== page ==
Alyn Smith MEP, Scottish full member of the European Parliament's Agriculture and Rural Development Committee, and lead negotiator for his political group on Rural Development, has expressed his regret at the decision of the Parliament to back a "flawed" proposal from the Agriculture Committee on cuts to direct payments to farmers for 2013.
The Parliament's position will top slice only those direct payments over the value of 5000 EUR, thus hitting Scottish farmers with their larger farms disproportionately highly, and according to the NFU costing UK agriculture around 20 million EUR this year. Roughly 80% of EU farmers are exempt from the top slice altogether given their smaller payments.
Although the exact percentage of the levy remains dependent on the outcome of the Multiannual Financial Framework (MFF) negotiations (which will determine the 2014 budget ceilings), it is likely to be in the region of 5% of all direct payments above 5000 EUR.
The "financial discipline" procedure, laid down in EU law and being applied in 2013 for the first time, is necessary as direct payment budget allocations have overshot the financial ceilings determined by Member States in the annual budget. The cuts are also necessary to finance the new "Crisis Reserve" being set up in the new MFF to pay for compensation for agricultural disasters over the 2014-2020 period.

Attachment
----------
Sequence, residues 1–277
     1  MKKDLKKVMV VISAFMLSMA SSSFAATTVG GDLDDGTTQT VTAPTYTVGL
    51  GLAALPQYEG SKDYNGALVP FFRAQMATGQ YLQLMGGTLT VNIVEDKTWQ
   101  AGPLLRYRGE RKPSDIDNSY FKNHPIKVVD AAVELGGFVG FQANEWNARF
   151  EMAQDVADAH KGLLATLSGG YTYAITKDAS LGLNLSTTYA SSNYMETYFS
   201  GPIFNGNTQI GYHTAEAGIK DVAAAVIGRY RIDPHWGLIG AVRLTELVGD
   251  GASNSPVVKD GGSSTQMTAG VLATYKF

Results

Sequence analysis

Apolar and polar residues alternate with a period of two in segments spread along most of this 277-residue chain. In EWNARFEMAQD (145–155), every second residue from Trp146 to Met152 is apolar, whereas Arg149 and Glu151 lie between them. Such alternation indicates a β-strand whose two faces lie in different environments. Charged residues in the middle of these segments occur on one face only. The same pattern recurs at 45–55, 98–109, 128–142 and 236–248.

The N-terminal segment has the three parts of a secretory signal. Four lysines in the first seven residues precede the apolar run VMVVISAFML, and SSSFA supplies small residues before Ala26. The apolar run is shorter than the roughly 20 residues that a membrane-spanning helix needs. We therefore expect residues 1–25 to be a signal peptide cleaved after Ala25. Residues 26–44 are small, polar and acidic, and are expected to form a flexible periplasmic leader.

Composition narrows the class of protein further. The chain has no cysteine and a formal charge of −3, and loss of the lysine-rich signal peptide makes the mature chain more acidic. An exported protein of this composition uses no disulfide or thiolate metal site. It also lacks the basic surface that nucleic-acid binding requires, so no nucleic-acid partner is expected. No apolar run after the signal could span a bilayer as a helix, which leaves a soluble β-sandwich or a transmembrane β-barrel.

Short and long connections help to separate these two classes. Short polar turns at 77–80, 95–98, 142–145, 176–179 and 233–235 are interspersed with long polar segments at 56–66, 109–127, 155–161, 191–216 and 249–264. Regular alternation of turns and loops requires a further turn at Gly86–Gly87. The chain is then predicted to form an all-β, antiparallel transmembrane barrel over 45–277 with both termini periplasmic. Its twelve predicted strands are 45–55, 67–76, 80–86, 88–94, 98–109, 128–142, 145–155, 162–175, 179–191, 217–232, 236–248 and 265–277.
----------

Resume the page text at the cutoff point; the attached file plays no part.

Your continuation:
"This is a poor show today, and it is a shame the UK did not fight harder.
"In fairness we do need to keep this in context, and it is worth remembering the UK government's position remains in favour of deeper cuts to Pillar One payments altogether. However, all that aside, today's vote, in my view, still violates a fundamental principle of fairness: that these sorts of unforeseen burdens should be shared equally across the agricultural community in Europe.
"Instead, four-fifths of European farmers will contribute nothing, leaving the remaining fifth (including a significant proportion of Scottish farmers) to shoulder the burden. We could have done better than this."